After nearly going bankrupt and almost crashing out of the euro zone last year, Greece expects growth of 0.6 percent in 2014 and hopes to secure more leeway on its debts to the European Union and the International Monetary Fund.» Read More
The Bank of England has made nearly $15 billion in paper profits by buying UK government bonds as part of emergency efforts to pump money into the British economy, the FT reports.
Here's something that the struggling hotel sector prefers not to spotlight: it is a favorite target of hackers. The NYT reports.
Investors are worried that the risk of default for US local governments is growing, amid signs that some regions are facing the same type of difficulty in curbing pension and budget deficits as some eurozone countries. The FT reports.
The Securities and Exchange Commission has introduced new rules to help investors figure out how target-date funds in their 401(k) and other retirement accounts are supposed to hit their target.
Europe faces the quandary of being unable to afford to bail out banks that are still considered too big to fail, while the global economy is heading for a slowdown economist Nouriel Roubini told CNBC.
As Silvio Berlusconi’s government calls for a vote of confidence over his unpopular €25 billion ($31.45 billion) austerity package, Roger Bootle and his team over at Capital Economics are questioning whether the country holds great danger for the euro zone.
Friday's disappointing June jobs number was the latest in a series of downbeat economic reports that have some economists looking to downgrade their growth forecasts to even more sluggish levels.
As the cash-poor states across the US struggle to pay their bills, two cities within especially distressed states—California and Pennsylvania—are emblematic of just how tough closing budget gaps can be. Vallejo, Calif. is in bankruptcy and, across the country, Harrisburg, Pa., the state capital, is insolvent.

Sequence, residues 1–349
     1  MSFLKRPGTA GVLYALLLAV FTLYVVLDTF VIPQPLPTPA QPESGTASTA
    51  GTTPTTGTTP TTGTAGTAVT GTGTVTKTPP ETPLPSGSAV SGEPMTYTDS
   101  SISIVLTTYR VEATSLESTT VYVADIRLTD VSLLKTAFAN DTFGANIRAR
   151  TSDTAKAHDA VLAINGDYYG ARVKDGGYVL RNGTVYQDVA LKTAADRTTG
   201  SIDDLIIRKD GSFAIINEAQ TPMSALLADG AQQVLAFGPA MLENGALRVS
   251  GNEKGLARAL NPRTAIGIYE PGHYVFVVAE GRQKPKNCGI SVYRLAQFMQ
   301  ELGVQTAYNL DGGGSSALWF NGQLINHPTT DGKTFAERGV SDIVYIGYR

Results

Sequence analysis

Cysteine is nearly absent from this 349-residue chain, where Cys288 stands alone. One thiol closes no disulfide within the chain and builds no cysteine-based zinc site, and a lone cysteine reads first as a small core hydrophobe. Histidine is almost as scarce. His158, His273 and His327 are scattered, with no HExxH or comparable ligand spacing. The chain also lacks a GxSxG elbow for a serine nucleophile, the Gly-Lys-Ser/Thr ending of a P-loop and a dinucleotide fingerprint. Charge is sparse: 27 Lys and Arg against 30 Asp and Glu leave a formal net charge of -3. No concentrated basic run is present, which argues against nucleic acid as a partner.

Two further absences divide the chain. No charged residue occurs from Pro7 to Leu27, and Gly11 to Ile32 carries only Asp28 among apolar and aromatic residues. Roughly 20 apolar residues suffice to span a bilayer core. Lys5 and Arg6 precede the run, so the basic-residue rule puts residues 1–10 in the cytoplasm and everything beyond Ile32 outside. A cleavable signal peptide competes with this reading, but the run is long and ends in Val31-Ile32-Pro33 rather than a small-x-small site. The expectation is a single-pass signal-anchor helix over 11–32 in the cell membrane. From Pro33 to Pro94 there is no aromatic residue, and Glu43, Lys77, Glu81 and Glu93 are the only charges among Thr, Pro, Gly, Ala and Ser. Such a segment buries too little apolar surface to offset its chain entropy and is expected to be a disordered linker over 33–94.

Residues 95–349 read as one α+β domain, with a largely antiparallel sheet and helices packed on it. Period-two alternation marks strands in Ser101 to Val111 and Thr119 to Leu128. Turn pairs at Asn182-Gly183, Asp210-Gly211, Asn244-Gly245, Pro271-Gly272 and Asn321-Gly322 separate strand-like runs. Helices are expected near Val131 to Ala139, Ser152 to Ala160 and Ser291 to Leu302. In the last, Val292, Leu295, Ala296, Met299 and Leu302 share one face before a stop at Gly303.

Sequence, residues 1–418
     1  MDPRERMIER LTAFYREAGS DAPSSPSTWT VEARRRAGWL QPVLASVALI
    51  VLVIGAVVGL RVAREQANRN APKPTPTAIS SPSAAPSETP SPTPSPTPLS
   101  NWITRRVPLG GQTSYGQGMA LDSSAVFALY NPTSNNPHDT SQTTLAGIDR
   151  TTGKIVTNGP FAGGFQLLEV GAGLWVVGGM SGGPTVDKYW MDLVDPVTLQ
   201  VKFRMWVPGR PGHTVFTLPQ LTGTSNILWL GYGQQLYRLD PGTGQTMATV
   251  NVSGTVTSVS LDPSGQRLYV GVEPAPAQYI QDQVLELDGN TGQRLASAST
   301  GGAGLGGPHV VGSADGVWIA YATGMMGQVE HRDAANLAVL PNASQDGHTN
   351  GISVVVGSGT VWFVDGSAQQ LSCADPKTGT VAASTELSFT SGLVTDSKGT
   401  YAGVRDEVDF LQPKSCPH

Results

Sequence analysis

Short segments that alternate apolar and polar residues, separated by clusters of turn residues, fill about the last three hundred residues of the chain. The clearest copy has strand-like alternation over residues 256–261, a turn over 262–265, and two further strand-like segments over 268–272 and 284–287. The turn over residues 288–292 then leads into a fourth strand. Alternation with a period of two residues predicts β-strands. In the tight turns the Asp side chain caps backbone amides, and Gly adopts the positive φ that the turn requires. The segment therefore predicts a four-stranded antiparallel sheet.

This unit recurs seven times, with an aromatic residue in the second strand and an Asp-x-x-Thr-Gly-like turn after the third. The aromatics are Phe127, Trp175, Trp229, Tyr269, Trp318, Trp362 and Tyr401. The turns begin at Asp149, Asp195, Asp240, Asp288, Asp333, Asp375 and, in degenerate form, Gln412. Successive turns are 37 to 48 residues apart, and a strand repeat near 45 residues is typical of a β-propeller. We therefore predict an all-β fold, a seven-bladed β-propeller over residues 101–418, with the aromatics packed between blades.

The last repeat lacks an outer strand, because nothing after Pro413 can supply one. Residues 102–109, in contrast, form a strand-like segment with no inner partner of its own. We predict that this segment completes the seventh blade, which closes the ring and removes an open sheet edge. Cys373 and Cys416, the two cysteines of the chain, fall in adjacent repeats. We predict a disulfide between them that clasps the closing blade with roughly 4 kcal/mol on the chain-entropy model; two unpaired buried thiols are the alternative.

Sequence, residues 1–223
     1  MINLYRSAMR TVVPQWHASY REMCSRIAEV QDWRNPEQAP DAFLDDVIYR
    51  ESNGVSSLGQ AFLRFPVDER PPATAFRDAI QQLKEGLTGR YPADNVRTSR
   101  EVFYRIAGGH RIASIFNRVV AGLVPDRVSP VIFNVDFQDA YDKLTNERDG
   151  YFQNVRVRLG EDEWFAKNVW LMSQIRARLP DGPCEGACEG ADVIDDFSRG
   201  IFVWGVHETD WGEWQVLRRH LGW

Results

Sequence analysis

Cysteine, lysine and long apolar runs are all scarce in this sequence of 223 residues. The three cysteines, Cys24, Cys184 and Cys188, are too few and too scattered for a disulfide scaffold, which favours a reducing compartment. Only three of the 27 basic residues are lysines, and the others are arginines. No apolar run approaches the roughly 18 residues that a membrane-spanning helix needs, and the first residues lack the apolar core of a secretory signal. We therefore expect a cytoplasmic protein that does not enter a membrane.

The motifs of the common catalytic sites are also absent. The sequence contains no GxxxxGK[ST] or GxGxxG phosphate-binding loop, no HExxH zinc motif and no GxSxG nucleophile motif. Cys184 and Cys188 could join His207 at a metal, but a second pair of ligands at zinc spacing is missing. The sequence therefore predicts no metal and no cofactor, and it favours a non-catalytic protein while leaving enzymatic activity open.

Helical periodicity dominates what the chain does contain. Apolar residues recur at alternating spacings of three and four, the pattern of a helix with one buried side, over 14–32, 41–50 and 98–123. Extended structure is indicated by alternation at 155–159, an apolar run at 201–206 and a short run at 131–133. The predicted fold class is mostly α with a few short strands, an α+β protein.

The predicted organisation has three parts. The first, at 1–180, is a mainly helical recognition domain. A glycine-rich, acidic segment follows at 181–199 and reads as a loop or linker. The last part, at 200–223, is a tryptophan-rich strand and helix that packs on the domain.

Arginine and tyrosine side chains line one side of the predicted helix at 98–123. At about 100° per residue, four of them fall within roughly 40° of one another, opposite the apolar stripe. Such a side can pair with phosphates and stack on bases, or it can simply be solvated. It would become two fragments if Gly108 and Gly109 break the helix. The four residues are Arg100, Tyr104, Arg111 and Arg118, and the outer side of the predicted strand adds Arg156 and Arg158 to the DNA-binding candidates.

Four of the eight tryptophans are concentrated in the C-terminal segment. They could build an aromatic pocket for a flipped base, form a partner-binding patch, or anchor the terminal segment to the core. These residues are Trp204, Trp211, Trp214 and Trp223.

If the European banks get credible stress tests and people believe in them, there will be "earning power," H. Rodgin Cohen said, adding, "once there is credibility, you can raise capital."
For the first time in months, Wall Street trading desks are turning more bullish on the Euro and not betting against the currency, according to people familiar with the matter.
The flattening of the yield curve has been the worst kind, because it has been a “bull flattening,” which is a flattening that occurs amid a decline in market interest rates on both ends of the yield curve. In contrast, a “bear flattening” occurs amid an increase in market interest rates.
The June jobs report Friday could provide more fuel for bears, even as economists hold onto the view that the economy is not double-dipping.
Don’t you just love political cross dressing? Last night on CNBC my old boss David Stockman was totally root-canalled as he called for higher taxes and lower spending. Right on spending, but wrong on taxes.
Moody’s Investors Service may cut Spain’s credit rating as much as two levels. The rating agency is currently reviewing Spain’s AAA foreign and local currency sovereign bond ratings. Spain continues to face fiscal challenges and falling growth expectations.
A housing sector without Fannie Mae spacer and Freddie Mac is a possibility, Edward J. DeMarco, director of Federal Housing Finance Agency (FHFA), told CNBC Thursday.
At least I'm hoping there is no double dip. Data on capital investment and personal income has been encouraging but I think we are in a bearish frame of mind so that gets somewhat ignored. The negative gets emphasized when your mind set is that way.
The U.S. economy has had two crises that were followed by long periods of depressed economic activity, high unemployment, and instability lasting more than a decade...Conditions are emerging that could cause that to happen again, and without a radical change in policy, the nation is at risk of a terrible calamity.
As investors and businesses attempt to work their way through the economic, financial and regulatory minefields facing them, a debate is raging that strikes at the heart of the capitalist system.
Markets are looking ahead to Friday's June employment report, and there is little optimism the number will show anything more than a slight gain.
Once dominant, and then dormant, commercial real estate loans are beginning to show signs of life on the trading floor after a two-year slump. The NYT reports.